This gigantic oyster, weighing nearly 2kg, is being served in a Sydney restaurant

The giant oyster next to a normal-sized one. Photo: Monty Koludrovic

Chef Monty Koludrovic is calling this a jurassic oyster. It weighs a whopping 1.8kg in the shell and he broke three oyster shuckers trying to crack it open.

The head chef of Bondi’s Iceberg’s Dining Room and Bar bought two of them from his long-time oyster supplier, Frank Theodore. The meat inside is bigger that the average steak, weighing in at 320 grams. They cost the chef around the same as a dozen oysters

Theodore calculated that the Pacific oyster is at least 11 years old. It was found, along with several more, on the seabed in Quibray Bay, near Cronulla, south of Sydney, when divers were cleaning under the oyster leases.

Koludrovic said the oyster farmers believe the sprat (baby oysters) must have fallen through holes in the baskets used to grow out the molluscs and “made good of its surrounds”.

The farmers changed from using baskets more than a decade ago, so the giant oysters are one of a kind.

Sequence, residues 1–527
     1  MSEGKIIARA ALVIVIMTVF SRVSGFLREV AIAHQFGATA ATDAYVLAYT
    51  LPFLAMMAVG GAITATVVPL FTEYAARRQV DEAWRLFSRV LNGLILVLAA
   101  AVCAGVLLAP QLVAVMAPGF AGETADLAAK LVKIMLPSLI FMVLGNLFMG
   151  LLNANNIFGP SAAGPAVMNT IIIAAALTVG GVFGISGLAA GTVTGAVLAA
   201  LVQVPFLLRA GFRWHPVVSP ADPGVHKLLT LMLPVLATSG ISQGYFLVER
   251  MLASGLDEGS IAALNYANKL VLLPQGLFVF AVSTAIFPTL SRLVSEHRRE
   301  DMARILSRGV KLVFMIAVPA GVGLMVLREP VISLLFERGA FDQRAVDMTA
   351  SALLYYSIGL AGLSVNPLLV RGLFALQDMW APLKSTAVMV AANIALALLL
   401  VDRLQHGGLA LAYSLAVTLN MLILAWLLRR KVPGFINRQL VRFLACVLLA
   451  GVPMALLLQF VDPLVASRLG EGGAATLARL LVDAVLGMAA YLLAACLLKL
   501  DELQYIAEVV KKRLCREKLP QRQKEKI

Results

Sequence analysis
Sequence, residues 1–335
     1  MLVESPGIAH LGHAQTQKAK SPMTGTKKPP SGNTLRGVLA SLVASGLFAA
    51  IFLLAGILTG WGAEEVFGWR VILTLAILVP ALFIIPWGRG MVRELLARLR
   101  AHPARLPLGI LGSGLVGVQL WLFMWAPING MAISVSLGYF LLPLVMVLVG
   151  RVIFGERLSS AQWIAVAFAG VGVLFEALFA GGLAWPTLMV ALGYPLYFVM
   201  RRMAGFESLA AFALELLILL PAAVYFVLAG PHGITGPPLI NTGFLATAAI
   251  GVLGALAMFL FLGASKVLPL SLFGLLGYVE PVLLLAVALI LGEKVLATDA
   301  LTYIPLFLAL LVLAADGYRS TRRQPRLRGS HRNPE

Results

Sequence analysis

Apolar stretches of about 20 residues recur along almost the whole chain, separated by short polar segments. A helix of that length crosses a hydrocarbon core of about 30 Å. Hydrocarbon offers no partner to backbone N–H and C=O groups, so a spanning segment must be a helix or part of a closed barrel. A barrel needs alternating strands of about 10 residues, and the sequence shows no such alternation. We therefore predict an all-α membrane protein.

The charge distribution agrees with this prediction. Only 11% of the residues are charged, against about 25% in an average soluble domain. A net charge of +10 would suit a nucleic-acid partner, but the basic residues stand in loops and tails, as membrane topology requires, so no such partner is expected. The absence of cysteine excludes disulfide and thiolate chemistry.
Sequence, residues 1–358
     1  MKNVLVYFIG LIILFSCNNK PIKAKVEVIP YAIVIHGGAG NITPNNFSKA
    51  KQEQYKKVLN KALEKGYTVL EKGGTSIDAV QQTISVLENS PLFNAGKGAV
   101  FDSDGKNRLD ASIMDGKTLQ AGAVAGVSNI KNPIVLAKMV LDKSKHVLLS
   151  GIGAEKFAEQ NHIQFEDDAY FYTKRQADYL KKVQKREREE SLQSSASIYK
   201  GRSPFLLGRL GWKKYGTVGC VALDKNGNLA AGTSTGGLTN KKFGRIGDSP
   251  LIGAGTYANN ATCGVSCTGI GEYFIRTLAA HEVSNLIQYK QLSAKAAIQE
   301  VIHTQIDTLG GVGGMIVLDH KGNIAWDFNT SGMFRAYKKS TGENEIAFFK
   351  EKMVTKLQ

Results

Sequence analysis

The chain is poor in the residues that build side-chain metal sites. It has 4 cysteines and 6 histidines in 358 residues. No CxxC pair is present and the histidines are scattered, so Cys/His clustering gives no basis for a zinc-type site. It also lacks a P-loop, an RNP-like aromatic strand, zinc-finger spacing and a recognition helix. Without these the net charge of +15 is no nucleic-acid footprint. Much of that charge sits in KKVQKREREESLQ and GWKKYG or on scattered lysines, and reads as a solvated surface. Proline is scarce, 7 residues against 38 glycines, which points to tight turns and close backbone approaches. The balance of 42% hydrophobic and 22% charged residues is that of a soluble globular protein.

Koludrovic couldn’t resist buying a couple to experiment with, but was still working out what to do with them when Business Insider spoke to him on Wednesday evening.

It’s expected to be on the specials menu at Iceberg’s Dining Room and Bar today.

“The first port of call is in a terrine with sea urchin on gelee made with tuna broth,” he said. “And I’m looking at frying it with zucchini, calamari and leatherjacket [a fish] cheeks.”

He plans to dice in finely and you can expect it to be a little chewy.

“You’ll need cutlery if you’re going to eat it out of the shell,” he said.

It’s not the sort of oyster you’d give a first timer to try in order to win them over, the chef says.

“It’s got a really mature aroma. I guess it’s more intense oyster smell. It’s not really muddy or unpleasant, but it’s pretty funky with some intensity there,” he said.

For Kulodrovic, the joy of the oyster is that as a chef he gets to try something unusual and share it with diners.

“I love things like this where the farmers have had to go out of their way to offer something amazing,” he said.

So how does it taste?

“Really fresh tasting. Big umami, big salt, big sweetness. More mentally challenging than on the palate,” Kulodrovic said.

The 1.8kg oyster. Photo: Monty Koludrovic.

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